Bats fly.
Bats fly.

Marburg virus, a cousin to Ebola, has been found in bats in West Africa

UTMB's Thomas Geisbert, Ph.D., discusses transmission, preparedness and his work on a vaccine

Marburg virus, a cousin to Ebola, has been found in bats in West Africa

9 Minute Read

In late December, two teams of researchers reported that fruit bats in Sierra Leone tested positive for the Marburg virus, marking the first time the deadly disease has been detected in West Africa. Like Ebola, Marburg is a highly contagious hemorrhagic fever virus that can be transferred to humans. Because of the work of scientists like Thomas Geisbert, Ph.D., a professor of microbiology and immunology at the University of Texas Medical Branch at Galveston (UTMB Health) who has dedicated his career to these hemorrhagic viruses, the threat of an outbreak seems more manageable than in years past. TMC News Senior Writer Alexandra Becker spoke to Geisbert to discuss the importance of ongoing surveillance efforts, fears about the current Ebola outbreak in the Congo, the lifesaving vaccines he helped develop and what remains to be done to prevent a Marburg epidemic.

TMC: The presence of Marburg in West Africa was detected during routine testing for the virus. Why is this kind of surveillance important?

Thomas Geisbert, Ph.D., photographed in 2018 in his lab at UTMB. (Photo credit: Cody Duty)

Geisbert: The surveillance work is very important. It’s like a football game where you get the other team’s plays ahead of the game. Any time you have an idea that some particular agent that’s a human pathogen is active in a certain area, preparedness is critical. I think we learned a lot from the Ebola epidemic in 2013 to 2016, and advanced warning and knowing what you’re dealing with is hugely important.

When thinking about the Ebola outbreak, it looks like the Merck vaccine [rVSV-ZEBOV] did a pretty good job towards the end of that outbreak. Now, whether we can say that the vaccine contributed to ending the outbreak or not, I think the jury’s out on that and we don’t know. But I think clearly the vaccine was successful—there’s no question about that. The data is extremely strong. And if you have medical countermeasures like that, it takes time to get these things into place, so there’s nothing like advanced notice and just not being caught off guard.

TMC: You and your team were instrumental in the development of the rVSV-ZEBOV vaccine for Ebola and you have also been working on one for Marburg virus. Can you tell me more about that?

Geisbert: We have a vaccine for Marburg virus that is based off the same backbone as the one for Ebola; it’s the same system. It is a VSV-based vaccine that functionally operates just like the Ebola vaccine, and we’ve completely protected monkeys using the vaccine. And, because Marburg is a little different than Ebola, it actually works even better than the Ebola vaccine in the context of post-exposure. For the Marburg vaccine, we can actually give the vaccine to monkeys at short times after exposure and still completely protect the monkeys, where that’s harder to do with Ebola—but it’s always a race with the clock.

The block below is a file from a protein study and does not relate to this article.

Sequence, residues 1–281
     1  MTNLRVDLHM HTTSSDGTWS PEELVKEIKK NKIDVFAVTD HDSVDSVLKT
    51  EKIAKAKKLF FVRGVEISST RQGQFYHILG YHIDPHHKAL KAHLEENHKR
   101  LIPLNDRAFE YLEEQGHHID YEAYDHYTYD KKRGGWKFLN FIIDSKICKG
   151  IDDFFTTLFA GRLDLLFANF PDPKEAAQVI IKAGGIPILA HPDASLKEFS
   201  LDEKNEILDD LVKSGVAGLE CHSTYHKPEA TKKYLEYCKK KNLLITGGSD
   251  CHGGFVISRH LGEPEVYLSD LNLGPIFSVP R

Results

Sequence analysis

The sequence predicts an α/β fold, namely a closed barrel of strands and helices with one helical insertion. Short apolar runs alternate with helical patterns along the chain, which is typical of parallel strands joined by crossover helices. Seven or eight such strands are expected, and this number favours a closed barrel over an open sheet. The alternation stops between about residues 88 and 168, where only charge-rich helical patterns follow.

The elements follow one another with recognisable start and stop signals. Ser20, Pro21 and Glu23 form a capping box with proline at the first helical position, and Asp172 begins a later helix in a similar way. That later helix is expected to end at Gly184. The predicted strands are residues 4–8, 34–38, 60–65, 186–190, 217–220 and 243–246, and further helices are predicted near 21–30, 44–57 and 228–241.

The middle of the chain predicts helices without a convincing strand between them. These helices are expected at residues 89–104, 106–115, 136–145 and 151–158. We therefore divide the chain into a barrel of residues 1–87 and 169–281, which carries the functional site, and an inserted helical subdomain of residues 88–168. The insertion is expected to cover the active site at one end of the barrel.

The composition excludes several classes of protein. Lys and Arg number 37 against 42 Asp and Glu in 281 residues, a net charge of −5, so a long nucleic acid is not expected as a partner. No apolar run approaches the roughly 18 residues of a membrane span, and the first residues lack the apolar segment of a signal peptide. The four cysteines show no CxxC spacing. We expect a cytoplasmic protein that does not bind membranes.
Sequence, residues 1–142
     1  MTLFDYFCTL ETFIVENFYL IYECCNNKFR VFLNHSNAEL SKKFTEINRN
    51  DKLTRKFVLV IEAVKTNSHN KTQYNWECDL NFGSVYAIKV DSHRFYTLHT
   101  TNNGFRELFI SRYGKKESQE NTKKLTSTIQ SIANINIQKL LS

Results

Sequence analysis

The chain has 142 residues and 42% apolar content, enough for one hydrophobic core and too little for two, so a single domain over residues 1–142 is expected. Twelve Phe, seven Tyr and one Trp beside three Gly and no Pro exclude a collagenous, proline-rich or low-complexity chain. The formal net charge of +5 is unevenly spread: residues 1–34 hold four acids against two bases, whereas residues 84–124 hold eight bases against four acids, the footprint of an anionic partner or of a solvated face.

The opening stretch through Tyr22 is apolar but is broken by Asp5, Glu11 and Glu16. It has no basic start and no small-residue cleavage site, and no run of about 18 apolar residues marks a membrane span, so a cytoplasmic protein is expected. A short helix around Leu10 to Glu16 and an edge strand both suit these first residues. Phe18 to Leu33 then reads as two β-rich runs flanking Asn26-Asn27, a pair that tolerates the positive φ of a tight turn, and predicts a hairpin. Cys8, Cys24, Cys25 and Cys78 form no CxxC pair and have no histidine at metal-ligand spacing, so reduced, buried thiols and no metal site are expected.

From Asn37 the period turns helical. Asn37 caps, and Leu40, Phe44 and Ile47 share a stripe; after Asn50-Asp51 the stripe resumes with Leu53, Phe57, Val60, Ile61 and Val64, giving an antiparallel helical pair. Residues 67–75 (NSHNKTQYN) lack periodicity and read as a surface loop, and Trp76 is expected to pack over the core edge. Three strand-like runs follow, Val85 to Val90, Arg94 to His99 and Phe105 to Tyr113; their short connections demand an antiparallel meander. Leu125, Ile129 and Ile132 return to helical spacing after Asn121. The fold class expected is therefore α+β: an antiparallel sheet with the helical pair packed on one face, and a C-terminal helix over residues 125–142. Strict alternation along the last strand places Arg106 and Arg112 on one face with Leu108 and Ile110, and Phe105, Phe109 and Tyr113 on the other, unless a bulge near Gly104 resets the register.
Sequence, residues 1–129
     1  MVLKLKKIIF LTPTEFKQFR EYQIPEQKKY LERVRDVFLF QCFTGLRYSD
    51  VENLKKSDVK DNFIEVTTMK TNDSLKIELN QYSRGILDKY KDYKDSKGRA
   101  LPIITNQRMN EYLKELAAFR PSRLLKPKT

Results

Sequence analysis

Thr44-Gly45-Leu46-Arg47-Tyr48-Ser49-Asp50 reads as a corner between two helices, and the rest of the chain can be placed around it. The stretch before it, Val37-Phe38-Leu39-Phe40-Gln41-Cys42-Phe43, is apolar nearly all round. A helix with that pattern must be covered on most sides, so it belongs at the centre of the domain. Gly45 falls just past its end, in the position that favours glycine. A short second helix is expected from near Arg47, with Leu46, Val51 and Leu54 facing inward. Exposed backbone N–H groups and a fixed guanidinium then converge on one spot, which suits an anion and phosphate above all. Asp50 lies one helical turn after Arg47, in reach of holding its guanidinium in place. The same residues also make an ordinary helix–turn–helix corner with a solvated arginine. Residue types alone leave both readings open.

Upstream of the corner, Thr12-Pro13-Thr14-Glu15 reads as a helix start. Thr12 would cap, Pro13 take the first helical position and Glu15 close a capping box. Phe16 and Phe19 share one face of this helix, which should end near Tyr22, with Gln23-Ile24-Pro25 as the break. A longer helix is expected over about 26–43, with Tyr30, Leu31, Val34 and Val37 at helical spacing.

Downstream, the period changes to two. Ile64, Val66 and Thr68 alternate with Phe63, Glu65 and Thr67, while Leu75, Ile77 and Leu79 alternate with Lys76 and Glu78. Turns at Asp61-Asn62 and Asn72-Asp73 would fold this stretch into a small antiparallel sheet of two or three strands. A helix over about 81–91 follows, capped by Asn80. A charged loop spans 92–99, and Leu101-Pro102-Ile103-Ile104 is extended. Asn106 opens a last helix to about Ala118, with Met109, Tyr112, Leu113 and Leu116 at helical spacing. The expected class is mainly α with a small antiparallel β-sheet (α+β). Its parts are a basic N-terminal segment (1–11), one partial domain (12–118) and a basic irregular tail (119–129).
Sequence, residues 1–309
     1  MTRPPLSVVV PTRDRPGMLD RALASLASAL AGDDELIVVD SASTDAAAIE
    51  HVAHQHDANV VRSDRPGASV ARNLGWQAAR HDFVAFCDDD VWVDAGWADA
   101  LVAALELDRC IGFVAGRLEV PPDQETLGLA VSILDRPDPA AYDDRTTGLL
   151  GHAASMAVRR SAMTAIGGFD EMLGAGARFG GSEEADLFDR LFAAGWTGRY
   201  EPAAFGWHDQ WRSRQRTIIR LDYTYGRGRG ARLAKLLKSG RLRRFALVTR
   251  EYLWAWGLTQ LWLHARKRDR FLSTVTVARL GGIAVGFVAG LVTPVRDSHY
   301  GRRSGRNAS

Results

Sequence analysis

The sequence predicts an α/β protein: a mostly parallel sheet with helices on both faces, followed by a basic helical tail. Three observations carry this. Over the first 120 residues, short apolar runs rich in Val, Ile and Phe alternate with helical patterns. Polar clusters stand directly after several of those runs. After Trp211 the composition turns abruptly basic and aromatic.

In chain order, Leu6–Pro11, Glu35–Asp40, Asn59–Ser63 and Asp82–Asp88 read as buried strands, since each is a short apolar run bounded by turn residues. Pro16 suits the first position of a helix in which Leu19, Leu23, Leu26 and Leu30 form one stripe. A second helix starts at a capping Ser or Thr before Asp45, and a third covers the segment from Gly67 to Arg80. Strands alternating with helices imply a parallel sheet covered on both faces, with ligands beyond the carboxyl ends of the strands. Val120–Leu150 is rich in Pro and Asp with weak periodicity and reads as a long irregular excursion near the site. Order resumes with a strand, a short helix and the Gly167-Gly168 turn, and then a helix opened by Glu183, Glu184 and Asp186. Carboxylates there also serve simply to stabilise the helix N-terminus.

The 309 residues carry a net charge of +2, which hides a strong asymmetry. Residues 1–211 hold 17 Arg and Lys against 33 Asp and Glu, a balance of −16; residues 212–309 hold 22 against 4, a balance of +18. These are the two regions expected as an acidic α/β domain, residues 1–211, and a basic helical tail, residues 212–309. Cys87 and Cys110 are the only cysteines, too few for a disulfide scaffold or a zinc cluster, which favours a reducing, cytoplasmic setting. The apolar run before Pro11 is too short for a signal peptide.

TMC: Is the Marburg vaccine ready for human use, if needed?

Geisbert: It has not been tested in humans yet, but I think the experience with the Ebola vaccine would help move the Marburg vaccine forward faster than what we saw with the Ebola vaccine, because it’s the same backbone. In other words, the delivery—the carrier vehicle—is exactly the same. The only difference is that one vaccine has the Ebola glycoprotein and the other has the Marburg glycoprotein. If you’re a regulatory agency and you’re trying to do clinical trials, that’s important. But clearly, you’re going to want some safety testing and some Phase 1 trials, but I think the whole process would move a little faster than it did for Ebola.

I think this report—this discovery that the virus is present in bats in West Africa—lets people know that Marburg is there in a resource-poor area that is susceptible, and hopefully it serves as a warning that maybe it’s time that we get these Marburg vaccines advanced a little faster and really to the same point where the Ebola vaccine is—at the very least in terms of a Phase 1 trial.

TMC: How does a virus like Marburg or Ebola get transferred from bats to humans?

Geisbert: There are many different ways and we don’t know for 100 percent certainty that bats are the only reservoir host or the only species that carry these viruses. But one of the things that has historically happened is that people will visit caves with zillions of bats, and they’re in contact with feces and urine and things like that, and exposure of secretions from bats to any mucous membrane or even a small abrasion or something on your hand can transmit the disease. And the thing with Ebola or Marburg is that it doesn’t take very much. One infectious particle is enough to initiate a productive infection. So that’s one way, just direct contact. But we also have to look at the different cultural mores in Africa, where people eat bush meat. People eat bats. Non-human primates come into contact with bats in the rainforests, and then they can become infected, and they’re also eaten in Africa. So, the whole process of butchering wild game is another way the virus can be passed from bats to humans.